undo: after remove at 2: [0.0, 1.0]
undo: after remove at 1: [0.0]
undo: after remove at 0: []
can't undo
after insert 9.0 at 0: [9.0]
undo: after remove at 0: []
can't undo
redo: after insert 9.0 at 0: [9.0]
undo: after remove at 0: []
can't undo

Thank you for the help tera.

The way I have implemented the Half Edge (my implementation is very textbook using references ) data structure, I dont think it would work quite so easily, without heavily coupling the undo module into the half edge module.

So I am going to look at making the data for the halfedge more flat, allowing me to store all the geometric meta data in a flat array, which would then be easily converted into Data for comparison, or serialisation.

Thank you for all the help, I will post my results

The link doesn't point to your implementation (it points to an assignment) - without seeing your implementation it's hard to comment. Other thank that, good luck with your implementation!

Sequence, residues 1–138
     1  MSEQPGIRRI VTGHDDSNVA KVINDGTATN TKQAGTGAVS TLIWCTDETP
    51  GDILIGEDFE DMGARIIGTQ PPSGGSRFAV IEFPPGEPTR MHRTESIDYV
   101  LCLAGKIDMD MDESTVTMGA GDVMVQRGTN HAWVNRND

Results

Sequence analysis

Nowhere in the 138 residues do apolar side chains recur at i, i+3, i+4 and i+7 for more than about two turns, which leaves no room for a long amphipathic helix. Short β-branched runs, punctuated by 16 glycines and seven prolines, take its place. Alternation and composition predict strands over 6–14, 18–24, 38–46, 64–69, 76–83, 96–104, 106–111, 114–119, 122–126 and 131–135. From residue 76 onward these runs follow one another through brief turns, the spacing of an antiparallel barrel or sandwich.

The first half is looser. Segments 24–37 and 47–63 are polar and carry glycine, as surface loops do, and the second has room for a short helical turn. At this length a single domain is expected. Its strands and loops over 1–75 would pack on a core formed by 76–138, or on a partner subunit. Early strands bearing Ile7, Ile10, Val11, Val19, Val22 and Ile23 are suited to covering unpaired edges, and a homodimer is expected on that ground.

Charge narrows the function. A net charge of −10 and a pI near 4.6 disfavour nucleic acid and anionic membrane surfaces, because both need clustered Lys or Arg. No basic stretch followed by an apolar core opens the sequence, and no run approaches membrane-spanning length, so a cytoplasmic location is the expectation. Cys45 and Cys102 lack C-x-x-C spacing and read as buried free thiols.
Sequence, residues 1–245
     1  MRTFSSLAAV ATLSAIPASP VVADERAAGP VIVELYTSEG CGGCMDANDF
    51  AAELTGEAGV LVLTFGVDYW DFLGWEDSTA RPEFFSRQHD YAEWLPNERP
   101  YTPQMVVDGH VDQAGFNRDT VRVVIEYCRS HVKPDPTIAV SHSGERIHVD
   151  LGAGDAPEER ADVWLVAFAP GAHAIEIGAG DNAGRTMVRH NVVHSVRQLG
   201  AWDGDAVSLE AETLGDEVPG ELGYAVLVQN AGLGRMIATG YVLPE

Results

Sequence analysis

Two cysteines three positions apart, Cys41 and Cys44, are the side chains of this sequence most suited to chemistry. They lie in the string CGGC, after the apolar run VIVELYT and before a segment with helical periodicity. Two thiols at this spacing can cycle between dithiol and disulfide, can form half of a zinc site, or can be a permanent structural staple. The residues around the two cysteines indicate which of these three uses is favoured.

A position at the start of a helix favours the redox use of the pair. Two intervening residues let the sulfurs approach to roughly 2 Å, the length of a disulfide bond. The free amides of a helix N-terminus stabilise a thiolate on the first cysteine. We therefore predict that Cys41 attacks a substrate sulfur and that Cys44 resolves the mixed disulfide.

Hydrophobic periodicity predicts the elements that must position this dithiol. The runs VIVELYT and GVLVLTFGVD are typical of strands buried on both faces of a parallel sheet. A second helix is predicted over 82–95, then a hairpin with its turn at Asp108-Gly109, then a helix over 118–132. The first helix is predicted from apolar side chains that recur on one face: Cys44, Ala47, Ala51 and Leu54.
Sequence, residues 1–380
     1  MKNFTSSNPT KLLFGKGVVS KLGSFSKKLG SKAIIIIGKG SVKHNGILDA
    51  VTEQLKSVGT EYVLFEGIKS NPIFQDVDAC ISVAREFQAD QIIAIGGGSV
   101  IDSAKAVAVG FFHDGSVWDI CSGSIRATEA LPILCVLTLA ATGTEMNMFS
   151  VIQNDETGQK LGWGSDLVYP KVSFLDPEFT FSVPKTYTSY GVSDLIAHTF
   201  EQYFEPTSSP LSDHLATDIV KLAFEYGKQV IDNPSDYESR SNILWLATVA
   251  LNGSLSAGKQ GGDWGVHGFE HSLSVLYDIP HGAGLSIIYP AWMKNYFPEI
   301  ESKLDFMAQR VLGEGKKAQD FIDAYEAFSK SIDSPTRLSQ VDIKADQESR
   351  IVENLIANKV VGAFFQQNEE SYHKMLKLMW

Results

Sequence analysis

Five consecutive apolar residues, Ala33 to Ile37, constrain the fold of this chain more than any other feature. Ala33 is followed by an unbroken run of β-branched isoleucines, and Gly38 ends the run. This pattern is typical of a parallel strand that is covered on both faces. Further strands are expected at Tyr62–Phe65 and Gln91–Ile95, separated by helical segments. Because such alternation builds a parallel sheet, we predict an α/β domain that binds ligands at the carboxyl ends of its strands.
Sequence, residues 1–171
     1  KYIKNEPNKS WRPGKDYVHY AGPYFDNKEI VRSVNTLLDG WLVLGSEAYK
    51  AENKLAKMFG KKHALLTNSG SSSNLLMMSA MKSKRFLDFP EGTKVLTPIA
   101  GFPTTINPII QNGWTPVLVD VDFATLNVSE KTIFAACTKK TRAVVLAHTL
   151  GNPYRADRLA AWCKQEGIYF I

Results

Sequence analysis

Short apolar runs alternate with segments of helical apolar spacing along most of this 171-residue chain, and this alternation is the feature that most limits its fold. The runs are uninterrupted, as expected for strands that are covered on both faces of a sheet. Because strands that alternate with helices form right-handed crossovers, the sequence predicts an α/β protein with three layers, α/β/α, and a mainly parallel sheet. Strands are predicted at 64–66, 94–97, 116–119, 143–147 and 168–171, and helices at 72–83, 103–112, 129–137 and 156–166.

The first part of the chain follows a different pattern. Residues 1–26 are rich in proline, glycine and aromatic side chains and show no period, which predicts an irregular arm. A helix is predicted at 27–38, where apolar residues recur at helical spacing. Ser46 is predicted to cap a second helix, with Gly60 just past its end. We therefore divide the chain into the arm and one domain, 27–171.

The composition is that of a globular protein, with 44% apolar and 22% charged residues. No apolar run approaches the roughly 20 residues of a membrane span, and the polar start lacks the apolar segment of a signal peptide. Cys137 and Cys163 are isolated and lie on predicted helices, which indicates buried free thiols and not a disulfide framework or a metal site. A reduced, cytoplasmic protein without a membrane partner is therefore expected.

I believe it would be possible to have the half edge module "as is" and have a wrapper around it - then it would be just a matter of changing:


to something like:


Wait a second. Did I just say change? But there's no change other then ability to use undo / redo? Right! Same API. Here's how, this is the "bird view" overview of this approach.

A generic "Operation" command.

struct Op {
    let name: String
    let doStep: () -> Void
    let undo: () -> Void
    init(name: String, doStep: @escaping () -> Void, undo: @escaping () -> Void) { = name
        self.doStep = doStep
        self.undo = undo
    var reversed: Op {
        Op(name: name, doStep: undo, undo: doStep)

Nothing scary so far, right?

A generic undo manager itself (removing some unimportant bits)

class UndoManager {
    var undoStack: [Op] = []
    var redoStack: [Op] = []